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Free improvisation gets a giddy turn from Wally Shoup, Mike Peterson and Bill Horist, who filter, merge and heat different genres into one heady blend. For the most part they turn on the ignition and never let the temperature cool. Yet there is another side that latches on, one that shows that they can work a melody into a distinctive framework that gives their music a three-dimensional presence.
Shoup is a volatile saxophonist. His alto describes arcs that scream for attention, but by the same token he does not overwhelm and choke on excess. Horist uses feedback and cutting lines, and with Peterson driving the rhythm with out of the usual flair, Ghidra captures attention and keeps it pegged.
A fibrillating array of notes lets loose as the alto brings in "Vapid Fire." There is nothing of the former as they coax a gradual intensity, a coil that feeds on Shoup's now tense lines and the chunky riffs of Horist's guitar. A mood change comes on "Naphtha Valley Sunrise," Shoup a voice rising in cry fuelled by Peterson's scurried beat and Horist's gnarled incursions. If intensity is the watchword, then the title cut deserves full credit. All the elements that go into making free music are present in the impulse that rocks, that gets its tether in check and that lets them roam in a fertile field and open propulsive vistas. An uncharacteristically soft and gentle opening, with the visage of an oriental melody, rises slowly on "Yakisoba Western." They break that mould, Shoup getting more emphatic on the melody and then vamping it into bent lines, Horist at a tangent with feedback and wah-wah and short wailing jabs, Peterson steady on the beat. At the end of the spectrum, melody has been scattered, but the impact has not waned.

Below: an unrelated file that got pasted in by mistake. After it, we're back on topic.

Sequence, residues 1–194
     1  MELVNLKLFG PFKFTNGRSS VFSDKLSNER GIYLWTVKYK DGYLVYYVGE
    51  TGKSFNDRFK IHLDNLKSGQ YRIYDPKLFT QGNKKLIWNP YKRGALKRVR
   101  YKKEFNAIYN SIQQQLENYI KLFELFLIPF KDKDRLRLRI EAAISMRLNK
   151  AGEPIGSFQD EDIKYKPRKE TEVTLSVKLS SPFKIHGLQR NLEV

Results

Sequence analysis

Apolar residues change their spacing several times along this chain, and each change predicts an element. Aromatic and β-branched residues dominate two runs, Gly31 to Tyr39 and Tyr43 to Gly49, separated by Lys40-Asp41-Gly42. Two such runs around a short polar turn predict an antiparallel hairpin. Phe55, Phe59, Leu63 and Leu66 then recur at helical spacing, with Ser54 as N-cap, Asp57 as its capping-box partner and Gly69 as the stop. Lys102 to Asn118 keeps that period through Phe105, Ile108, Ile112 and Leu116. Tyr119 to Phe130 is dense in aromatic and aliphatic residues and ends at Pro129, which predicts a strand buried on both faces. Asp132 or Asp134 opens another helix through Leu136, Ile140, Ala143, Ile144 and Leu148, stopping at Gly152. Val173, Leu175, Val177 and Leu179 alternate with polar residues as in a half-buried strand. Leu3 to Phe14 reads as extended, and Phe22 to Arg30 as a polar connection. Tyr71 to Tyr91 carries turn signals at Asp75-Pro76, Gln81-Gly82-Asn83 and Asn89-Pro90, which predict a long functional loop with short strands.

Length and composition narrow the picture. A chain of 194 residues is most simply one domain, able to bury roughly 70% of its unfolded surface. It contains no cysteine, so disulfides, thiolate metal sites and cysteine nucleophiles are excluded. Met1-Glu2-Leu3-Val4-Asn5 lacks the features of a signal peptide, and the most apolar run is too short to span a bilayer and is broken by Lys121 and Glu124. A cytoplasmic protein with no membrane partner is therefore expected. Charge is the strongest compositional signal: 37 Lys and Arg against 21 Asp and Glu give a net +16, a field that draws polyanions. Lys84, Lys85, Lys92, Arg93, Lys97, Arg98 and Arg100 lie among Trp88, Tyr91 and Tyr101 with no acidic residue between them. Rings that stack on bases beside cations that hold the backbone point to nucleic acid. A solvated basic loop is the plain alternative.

Track Listing: Vapid Fire; Spread the Worm; Plebe on Plebe; Yakisoba Western; Ennui Matisse; Naphtha Valley Sunrise; Swimming Bell; Disclosing Your Eyes; Mrs. Saws-for-Teeth; Strawberry Skinflint; Stepford Husbandry; Slow Roller
Personnel: Wally Shoup--alto sax; Bill Horist--guitar; Mike Peterson--drums
I love jazz because I enjoy the freedom.
I was first exposed to jazz when I was 17.
I met Cedar Walton at a concert in San Paulo.
The best show I ever attended was Helio Jambao trio.
The first jazz record I bought was Witchcraft by George Benson.
My advice to new listeners is listen to the old school first.